Dictionarium polygraphicum. Orange colour.

Dictionarium Polygraphicum:
Or, The Whole Body of Arts Regularly Digested.
Vol II.
London: Printed for C. Hitch and C. Davis in Pater-noster Row, and S. Austen in St. Paul's Church Yard. MDCCXXXV.
An orange-colour for washing prints is made by laying on a teint of Gamboge, and over that some minium or red-lead wash'd and rendred fine and fit for use; it not being fine enough to paint with, as it is bought at the shops; and besides, it will change or turn black, after a few weeks, if it be not refin'd; but if it be well prepar'd, will be very lasting and beautiful.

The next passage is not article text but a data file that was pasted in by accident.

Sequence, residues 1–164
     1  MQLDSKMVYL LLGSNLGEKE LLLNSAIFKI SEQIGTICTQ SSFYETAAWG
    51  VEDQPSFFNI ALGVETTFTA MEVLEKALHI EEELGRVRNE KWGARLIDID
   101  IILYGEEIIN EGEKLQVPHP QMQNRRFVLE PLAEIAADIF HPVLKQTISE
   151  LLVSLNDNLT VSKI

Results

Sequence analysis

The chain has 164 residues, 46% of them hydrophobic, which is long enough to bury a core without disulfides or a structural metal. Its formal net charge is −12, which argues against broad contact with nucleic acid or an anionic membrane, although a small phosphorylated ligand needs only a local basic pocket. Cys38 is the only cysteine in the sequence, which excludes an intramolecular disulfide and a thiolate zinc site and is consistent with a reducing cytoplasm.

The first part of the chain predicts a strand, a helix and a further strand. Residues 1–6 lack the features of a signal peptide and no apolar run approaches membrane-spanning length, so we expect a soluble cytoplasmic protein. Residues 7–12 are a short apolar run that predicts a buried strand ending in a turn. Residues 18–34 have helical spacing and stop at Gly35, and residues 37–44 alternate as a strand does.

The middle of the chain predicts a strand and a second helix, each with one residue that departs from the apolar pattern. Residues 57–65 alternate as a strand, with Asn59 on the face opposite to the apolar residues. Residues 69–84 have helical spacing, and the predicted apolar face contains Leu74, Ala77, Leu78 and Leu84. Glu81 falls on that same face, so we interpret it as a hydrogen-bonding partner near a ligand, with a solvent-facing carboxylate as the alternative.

But this you may take notice of, that an ounce will not produce above 20 grains os a good colour, to stand the test of painters.

This colour may be mix'd with gamboge, upon a white Dutch tile, to render it of the teint you would have it, either softer or stronger; or the gamboge may be glaid over and strengthened with the tincture of saffron, which, will make it glare into a strong orange. See MINIUM.

Some may think it strange, that as for orange colours I mention those deep sorts tending to purples: but I mention them as shades; and without which, the orange or red could not appear with any brightness.

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